Paris Candy, High and Low
If you dream of beautiful chocolates, Paris is the place to be. Any street worth its commercial zoning will have at least one place storefront dedicated to the pleasures of cacao.
And here I offer my Candy Professor confession: I don’t actually love chocolate that much. I’ll enjoy something exquisite, but Hershey’s is good too. I’m the same with coffee: that paper cup from the street cart tastes just fine to me. Reverse-snob effect, I suspect.
So when I was in Paris this past fall, the siren call of the chocolatier was drowned out by the tacky lure of the candy stand:
I ran across this stand at the Odeon metro stop on the Left Bank. Who’s more excited, me or my seven year old? There were gummies, marshmallows, licorice, caramels, and lots of strange new candy creatures I couldn’t identify but just had to try. This was the Paris version of the penny candy counter.
Two things I learned: 1. Don’t buy chocolate anything from the cheap candy stand. I suppose if I were paying more attention to chocolate (see above) this would have been obvious. 2. European cheap candy is way more interesting than the American equivalent. The variety of shapes, flavors, textures, and sugar effects was stunning. Maybe I’m just jaded by over-familiarity, but my impression is that the contemporary American equivalent candy array has less raw variety and the choices are more like: which color M&M, which flavor jelly bean.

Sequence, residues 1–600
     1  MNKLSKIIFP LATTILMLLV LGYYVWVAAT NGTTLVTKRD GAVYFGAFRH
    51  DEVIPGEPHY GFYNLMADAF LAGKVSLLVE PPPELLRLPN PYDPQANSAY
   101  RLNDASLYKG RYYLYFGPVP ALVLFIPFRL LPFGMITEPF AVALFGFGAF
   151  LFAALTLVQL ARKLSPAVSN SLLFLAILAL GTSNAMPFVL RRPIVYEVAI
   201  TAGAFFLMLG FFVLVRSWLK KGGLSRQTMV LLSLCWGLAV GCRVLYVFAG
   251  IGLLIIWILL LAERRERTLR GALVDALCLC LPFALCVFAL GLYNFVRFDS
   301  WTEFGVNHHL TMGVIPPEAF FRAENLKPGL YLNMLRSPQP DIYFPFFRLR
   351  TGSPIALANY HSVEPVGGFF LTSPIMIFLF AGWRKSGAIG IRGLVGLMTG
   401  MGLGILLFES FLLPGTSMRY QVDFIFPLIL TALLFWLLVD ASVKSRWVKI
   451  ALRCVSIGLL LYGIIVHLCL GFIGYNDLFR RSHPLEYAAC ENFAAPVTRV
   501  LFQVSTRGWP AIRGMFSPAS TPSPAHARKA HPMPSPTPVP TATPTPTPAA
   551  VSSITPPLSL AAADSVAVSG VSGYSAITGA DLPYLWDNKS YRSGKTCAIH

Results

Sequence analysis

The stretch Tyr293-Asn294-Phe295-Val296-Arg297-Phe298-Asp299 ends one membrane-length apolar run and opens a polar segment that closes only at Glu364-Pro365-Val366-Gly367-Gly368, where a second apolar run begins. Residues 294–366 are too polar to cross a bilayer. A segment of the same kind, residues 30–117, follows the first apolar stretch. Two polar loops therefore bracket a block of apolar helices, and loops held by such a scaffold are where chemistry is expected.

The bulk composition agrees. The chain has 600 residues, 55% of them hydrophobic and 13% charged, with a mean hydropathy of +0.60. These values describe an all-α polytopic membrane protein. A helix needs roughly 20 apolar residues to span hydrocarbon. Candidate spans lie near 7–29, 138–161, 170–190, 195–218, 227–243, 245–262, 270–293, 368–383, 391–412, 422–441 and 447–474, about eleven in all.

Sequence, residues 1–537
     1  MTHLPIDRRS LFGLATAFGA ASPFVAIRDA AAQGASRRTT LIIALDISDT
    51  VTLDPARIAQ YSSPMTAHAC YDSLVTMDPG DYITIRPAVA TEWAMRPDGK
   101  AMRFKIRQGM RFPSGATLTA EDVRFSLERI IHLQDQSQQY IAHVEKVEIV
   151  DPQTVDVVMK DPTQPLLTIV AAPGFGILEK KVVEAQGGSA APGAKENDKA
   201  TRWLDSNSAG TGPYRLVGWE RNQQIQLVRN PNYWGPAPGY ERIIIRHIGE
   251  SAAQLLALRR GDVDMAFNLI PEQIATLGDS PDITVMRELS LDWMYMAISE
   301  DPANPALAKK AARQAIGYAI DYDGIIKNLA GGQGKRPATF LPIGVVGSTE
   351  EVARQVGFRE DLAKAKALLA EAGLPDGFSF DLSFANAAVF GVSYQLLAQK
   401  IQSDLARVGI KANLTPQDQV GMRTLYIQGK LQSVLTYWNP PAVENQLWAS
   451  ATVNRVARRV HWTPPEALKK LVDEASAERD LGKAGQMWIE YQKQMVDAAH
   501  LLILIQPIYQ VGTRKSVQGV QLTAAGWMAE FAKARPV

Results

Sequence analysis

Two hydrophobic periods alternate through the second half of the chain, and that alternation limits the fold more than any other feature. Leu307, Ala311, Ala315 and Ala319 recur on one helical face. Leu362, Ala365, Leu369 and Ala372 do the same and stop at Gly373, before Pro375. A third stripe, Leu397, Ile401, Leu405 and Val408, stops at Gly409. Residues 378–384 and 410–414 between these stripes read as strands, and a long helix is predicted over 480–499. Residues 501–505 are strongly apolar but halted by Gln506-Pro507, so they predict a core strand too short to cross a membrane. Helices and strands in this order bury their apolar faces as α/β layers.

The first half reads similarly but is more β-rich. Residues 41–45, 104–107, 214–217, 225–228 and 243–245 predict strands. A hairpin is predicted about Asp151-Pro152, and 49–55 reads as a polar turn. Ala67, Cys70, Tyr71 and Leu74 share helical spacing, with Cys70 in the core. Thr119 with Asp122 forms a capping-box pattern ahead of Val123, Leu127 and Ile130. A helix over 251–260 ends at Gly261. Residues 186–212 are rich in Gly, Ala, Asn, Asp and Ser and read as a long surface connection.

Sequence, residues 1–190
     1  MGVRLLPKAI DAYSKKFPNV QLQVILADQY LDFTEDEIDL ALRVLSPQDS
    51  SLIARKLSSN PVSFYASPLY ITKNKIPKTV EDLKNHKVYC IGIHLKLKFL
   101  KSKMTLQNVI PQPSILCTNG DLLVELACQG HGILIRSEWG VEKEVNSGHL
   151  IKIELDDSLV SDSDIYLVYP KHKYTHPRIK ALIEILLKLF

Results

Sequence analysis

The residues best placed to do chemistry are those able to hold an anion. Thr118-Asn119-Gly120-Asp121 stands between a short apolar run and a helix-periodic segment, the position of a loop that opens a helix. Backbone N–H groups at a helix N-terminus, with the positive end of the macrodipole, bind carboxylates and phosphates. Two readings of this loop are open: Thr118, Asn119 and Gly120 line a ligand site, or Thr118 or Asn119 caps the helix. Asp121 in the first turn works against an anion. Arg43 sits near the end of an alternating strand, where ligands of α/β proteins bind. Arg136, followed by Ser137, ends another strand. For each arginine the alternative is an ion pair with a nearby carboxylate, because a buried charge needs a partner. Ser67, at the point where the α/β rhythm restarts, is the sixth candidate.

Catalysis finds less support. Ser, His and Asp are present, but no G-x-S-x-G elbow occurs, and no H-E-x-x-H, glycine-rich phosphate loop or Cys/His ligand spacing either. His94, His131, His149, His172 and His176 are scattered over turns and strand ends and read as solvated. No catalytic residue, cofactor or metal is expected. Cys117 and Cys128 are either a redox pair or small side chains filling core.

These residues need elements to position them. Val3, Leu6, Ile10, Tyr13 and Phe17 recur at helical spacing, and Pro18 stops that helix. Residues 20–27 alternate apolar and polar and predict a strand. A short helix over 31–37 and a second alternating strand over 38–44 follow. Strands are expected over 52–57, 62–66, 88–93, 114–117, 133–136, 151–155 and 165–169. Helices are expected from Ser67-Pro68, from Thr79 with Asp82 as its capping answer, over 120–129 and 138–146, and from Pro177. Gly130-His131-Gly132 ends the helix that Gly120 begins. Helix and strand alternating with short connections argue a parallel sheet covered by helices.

But despite my reverse-snob candy attitude, I wasn’t going to completely miss out on the best Paris has to offer. One confiserie (fancy French word for “candy store”) that I didn’t want to miss was A La Mere de Famille. This is one of the few candy makers in Paris that specializes in non-chocolate confections. They are especially known for their caramels, pate de fruits, calissons, and marshmallow. The original shop opened on Rue de Faubourg Montmartre in 1761 to serve fashionable Parisians who wanted to eat candies like the court at Versailles. It’s still there, so I made a candy pilgrimage.
Displayed here are marshmallow in a variety of flavors (lavender, apricot, anise) and below, dragees. These dragees are the descendants of one of the oldest festal candies, known in English as “sugar plums” (I wrote about these for TheAtlantic.com). I spent a lot of money in this shop! The most interesting thing I tried was something they called “harlequins,” a sort of candy sandwich with pate de fruits between two layers of flavored marzipan. Pretty and delicious!
I was always impressed with the beauty of display at Parisian candy and chocolate counters. In the U.S., dragees or comfits are mostly confined to Jordan almonds as wedding favors and those hard sugar balls we sprinkle on cakes. But in Paris they are popular and beautifully presented, as in this display of dragees and sugared flower petals at the food hall in Bon Marche department store:
And here are some gorgeous Japanese chocolates which suggest painting as much as eating. Flavors include passion, yuzu, and sesame:
I suspect that for Parisians, this gorgeous candy is as much about looking as it is about eating. Truth be told, I never did see anyone eat the stuff.